The U.S. bishops specifically requested the Vatican to conduct an apostolic visitation into questions surrounding Archbishop McCarrick. Opening a new process for reporting complaints against bishops and the more effective resolution of such complaints also would require the support and involvement of the Vatican, since only the pope has the authority to discipline or remove bishops.

Following allegations by Archbishop Carlo Maria Vigano that Pope Benedict XVI had imposed sanctions on Archbishop McCarrick and that those sanctions had been ignored by Pope Francis, Cardinal DiNardo issued another statement Aug. 27 reiterating his call "for a prompt and thorough examination into how the grave moral failings of a brother bishop could have been tolerated for so long."

Archbishop Vigano's statement "brings particular focus and urgency to this examination," the cardinal's statement said. "The questions raised deserve answers that are conclusive and based on evidence."

 

J Cosgrove
5 days 14 hours ago

This may be the Holy Spirit working to refocus the Church.

Damage control must come first. By that I don't mean white washing what the guilty priests etc have done. Then a complete fix so it doesn't happen again.

They must focus on what the Church is about, not just getting rid of the bad apples.

James Haraldson
5 days 8 hours ago

That won't happen until Pope Phony resigns, which will never happen given his dedication to the ethos of the sex revolution, including the offspring of the sex revolution: abortion.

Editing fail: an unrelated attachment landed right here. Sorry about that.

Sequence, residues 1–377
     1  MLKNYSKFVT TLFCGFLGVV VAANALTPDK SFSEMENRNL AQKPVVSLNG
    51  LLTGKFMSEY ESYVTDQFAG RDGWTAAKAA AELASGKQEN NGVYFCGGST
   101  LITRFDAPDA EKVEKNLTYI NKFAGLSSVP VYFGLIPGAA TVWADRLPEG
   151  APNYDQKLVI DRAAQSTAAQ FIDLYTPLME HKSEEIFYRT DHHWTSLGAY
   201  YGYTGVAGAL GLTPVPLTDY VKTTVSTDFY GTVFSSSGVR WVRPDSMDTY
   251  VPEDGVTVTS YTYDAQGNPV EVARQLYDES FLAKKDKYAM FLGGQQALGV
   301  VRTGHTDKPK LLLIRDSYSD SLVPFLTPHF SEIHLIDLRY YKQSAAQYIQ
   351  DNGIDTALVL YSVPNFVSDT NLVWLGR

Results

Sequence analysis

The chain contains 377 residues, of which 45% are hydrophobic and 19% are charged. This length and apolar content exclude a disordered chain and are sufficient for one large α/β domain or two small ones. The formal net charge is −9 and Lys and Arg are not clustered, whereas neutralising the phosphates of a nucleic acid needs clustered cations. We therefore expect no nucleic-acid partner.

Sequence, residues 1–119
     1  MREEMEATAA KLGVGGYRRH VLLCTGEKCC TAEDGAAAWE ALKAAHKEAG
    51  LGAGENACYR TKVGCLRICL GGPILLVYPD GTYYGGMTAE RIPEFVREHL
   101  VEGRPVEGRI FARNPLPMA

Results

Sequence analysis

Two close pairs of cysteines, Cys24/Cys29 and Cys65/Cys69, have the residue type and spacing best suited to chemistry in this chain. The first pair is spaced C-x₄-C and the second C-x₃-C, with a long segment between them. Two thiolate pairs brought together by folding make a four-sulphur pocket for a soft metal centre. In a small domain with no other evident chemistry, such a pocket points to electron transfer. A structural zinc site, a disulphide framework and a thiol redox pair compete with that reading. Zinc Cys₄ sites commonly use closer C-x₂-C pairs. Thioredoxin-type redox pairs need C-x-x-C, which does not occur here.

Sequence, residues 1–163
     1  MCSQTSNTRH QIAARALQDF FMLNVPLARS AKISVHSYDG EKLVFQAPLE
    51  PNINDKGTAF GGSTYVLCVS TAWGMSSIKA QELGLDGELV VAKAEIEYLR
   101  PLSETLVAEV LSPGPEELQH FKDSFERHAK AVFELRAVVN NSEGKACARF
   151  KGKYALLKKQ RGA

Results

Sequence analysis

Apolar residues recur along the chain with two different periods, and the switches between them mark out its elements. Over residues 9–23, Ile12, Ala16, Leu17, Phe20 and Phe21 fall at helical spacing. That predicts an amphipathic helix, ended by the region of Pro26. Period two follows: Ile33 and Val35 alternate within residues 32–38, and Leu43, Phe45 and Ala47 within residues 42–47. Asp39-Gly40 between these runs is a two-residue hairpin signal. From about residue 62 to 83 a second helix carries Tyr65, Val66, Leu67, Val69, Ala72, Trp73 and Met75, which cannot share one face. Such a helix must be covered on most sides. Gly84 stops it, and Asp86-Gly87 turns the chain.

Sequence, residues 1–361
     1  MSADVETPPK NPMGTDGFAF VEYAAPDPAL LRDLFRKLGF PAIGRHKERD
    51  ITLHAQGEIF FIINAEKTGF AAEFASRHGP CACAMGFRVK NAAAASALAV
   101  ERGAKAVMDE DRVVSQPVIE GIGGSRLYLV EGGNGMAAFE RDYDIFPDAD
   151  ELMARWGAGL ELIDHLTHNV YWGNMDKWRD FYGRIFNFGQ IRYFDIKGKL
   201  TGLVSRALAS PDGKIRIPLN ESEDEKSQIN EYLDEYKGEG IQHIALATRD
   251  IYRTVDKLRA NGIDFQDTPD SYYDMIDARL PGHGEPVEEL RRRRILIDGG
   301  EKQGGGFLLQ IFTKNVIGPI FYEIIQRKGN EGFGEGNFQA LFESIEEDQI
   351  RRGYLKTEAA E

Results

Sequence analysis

Tim O'Leary
5 days 8 hours ago

J - I believe the Holy Spirit is always working, sometimes strengthening a weak soul and at other times chastizing a proud soul. He let's humanity have their freedom, but his promises will never be reversed, including protecting the Church from teaching error. That is how our doctrine has withstood the secular avalanche of sexual libertinism. Even if many Catholics, clergy and laity failed to follow the true doctrine, the doctrine is preserved. This problem is certainly one of discipline, and many have failed to follow the doctrine. So, they are being chastised by the Spirit.

Trent Shannon
4 days 18 hours ago

The word youre looking for is "repair" - (damage control was the problem behind the cover up)

Keep faith there are changes already in play now going forward. For me, repair would be any living abusers, facilitators being made to present themselves for criminal charges in the countries they were committed.

Call it "rendering unto Caesar" - inside a church or not, crimes were committed on the soil of sovereign nations.

It would go a long way for survivors and say a lot to a lot of people who, even without religion, look towards the Vatican as a "disinterested" (non-affiliated) party in the world

Dolores del Castillo
5 days 13 hours ago

Dolores del Castillo